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Transgenic HbS Mouse Neutrophils in Increased Susceptibility to Acute Lung Injury*: Implications for Sickle Acute Chest Syndrome FREE TO VIEW

L. Hsu, MD, PhD; T. McDermott; L. Brown; S. M. Aguayo, MD, FCCP
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*From Atlanta Veterans Administration Medical Center and Emory University, Atlanta, GA.

Correspondence to: Lewis Hsu, MD, PhD, Emory University School of Medicine, 69 Butler St SE, Atlanta, GA 30303

Chest. 1999;116(suppl_1):92S-93S. doi:10.1378/chest.116.suppl_1.92S
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The sickle cell acute chest syndrome (ACS) has many clinical similarities to other forms of acute lung injury such as ARDS. We investigated a role for neutrophils in ACS pathophysiology, using a transgenic (Tg) mouse expressing human sickle hemoglobin that has mild features of sickle cell disease under baseline conditions.

After experimental acute lung insult, this Tg HbS mouse will have increased pulmonary neutrophils compared with normal mice given the same acute insult.

Mice received either oleic acid (OA) injection or sham injection of the tail vein, and 4 h later were exsanguinated with anesthetic overdose. To measure myeloperoxidase (MPO), as an indicator of the granulocytes present within the lungs, whole lungs were homogenized and the supernatant was assayed spectrophotometrically. For histochemical staining, lungs were fixed with formalin-acetone and embedded in paraffin.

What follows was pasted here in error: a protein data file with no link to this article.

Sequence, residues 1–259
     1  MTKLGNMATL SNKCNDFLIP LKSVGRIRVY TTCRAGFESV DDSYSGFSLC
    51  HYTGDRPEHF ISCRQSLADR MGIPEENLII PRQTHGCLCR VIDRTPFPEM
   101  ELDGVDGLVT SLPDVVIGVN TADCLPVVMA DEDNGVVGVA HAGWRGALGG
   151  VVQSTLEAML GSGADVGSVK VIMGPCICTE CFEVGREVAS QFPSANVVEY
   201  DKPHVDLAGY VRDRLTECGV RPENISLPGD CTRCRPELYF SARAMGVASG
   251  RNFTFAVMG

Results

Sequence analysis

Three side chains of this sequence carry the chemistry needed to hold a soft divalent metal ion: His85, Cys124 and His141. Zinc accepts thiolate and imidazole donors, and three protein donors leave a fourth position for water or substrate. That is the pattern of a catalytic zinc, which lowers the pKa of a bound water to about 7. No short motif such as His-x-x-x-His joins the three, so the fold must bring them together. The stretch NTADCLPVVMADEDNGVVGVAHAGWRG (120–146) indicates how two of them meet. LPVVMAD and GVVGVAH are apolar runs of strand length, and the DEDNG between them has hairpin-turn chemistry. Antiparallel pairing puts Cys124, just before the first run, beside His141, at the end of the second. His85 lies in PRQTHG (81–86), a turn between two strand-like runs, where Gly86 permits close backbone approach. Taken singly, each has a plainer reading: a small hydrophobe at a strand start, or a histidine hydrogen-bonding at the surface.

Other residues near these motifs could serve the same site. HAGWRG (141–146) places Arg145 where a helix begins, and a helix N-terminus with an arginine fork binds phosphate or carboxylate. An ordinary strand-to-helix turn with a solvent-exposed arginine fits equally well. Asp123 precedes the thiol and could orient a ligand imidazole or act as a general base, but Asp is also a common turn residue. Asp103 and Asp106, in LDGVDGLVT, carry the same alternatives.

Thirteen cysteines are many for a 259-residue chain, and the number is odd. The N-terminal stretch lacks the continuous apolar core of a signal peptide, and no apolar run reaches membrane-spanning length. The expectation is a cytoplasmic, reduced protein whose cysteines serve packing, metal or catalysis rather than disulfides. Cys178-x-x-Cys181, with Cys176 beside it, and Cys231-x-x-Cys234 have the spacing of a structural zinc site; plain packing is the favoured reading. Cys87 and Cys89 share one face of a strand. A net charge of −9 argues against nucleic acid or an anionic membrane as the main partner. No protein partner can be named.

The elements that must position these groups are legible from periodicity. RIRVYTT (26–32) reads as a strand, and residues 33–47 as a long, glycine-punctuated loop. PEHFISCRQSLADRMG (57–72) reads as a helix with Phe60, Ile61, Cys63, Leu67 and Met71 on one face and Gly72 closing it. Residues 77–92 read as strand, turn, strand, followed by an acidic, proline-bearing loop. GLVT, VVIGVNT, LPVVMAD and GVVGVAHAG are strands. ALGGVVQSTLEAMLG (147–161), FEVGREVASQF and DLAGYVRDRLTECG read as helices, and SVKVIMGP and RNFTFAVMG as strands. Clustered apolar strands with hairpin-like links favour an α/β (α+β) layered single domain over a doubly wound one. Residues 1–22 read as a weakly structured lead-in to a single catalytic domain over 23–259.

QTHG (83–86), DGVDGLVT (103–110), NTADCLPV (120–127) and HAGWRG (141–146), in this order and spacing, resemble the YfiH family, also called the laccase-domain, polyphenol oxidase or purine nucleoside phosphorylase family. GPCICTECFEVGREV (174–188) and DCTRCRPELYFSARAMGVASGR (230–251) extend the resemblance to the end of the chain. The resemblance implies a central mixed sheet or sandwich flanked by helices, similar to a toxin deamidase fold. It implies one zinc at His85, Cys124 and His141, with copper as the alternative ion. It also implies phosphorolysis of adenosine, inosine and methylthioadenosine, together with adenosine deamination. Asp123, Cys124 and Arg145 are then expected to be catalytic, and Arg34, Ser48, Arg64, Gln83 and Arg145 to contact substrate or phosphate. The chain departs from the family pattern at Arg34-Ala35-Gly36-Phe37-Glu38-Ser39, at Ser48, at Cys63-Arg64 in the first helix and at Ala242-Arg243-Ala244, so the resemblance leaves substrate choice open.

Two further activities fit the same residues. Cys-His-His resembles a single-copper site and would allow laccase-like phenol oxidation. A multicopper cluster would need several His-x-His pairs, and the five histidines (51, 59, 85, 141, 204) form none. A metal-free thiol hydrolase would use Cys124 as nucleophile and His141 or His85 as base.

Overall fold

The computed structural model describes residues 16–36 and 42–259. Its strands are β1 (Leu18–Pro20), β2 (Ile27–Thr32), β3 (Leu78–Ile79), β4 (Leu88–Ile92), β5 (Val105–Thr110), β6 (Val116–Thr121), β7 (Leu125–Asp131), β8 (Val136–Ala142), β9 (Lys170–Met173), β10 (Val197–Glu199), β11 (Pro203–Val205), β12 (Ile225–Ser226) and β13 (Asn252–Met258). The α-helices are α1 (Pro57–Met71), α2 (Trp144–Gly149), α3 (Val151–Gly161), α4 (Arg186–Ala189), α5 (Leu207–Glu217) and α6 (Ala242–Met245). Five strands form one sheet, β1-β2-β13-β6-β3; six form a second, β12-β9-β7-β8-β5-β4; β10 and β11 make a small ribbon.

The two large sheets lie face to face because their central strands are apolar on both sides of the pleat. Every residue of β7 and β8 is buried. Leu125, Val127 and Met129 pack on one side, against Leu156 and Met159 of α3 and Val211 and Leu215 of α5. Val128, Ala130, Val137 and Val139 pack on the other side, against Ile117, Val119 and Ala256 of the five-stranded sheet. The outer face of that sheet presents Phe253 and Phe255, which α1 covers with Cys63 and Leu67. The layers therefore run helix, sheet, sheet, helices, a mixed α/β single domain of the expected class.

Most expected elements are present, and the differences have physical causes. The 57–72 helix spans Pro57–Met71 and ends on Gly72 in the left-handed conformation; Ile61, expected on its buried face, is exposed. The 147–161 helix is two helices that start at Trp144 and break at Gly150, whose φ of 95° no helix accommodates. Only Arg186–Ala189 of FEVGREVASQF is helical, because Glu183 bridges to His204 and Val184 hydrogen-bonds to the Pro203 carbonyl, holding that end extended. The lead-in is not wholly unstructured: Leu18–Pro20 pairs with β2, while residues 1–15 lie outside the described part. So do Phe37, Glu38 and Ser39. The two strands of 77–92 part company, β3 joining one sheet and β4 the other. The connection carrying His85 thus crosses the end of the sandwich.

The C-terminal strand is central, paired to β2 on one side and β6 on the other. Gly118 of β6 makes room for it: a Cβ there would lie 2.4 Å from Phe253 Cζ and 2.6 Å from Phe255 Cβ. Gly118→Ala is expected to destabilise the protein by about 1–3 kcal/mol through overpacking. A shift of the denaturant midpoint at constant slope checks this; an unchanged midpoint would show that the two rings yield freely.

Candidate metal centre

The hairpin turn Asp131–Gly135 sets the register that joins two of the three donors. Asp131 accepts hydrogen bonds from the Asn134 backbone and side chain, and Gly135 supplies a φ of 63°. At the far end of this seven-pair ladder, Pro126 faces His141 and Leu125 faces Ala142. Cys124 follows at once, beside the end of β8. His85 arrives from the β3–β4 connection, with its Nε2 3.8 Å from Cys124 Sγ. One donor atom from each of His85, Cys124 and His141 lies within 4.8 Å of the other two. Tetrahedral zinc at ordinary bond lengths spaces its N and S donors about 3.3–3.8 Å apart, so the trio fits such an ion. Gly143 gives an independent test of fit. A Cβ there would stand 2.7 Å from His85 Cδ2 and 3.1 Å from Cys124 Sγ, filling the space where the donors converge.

The Tg HbS mice with OA injection (n = 7) had significantly higher MPO than normal mice with OA injection (n = 6) (0.038 compared with 0.018, p = 0.02). OA-injected mouse lungs have neutrophils infiltrating lung interstitium as well as neutrophils still within alveolar capillaries. Lung MPO did not correlate with granulocyte count, and total WBC counts were similar for Tg HbS and normal mice after OA.

Tg HbS mice have increased neutrophils after acute lung injury, compared to normal mice with the same OA insult. Despite the similar baseline conditions of lungs and neutrophils in Tg HbS mice, the presence of HbS is associated with susceptibility to acute lung injury. These animal model results may be a first step toward understanding the interaction between RBCs, endothelium, and WBCs in sickle-cell ACS.




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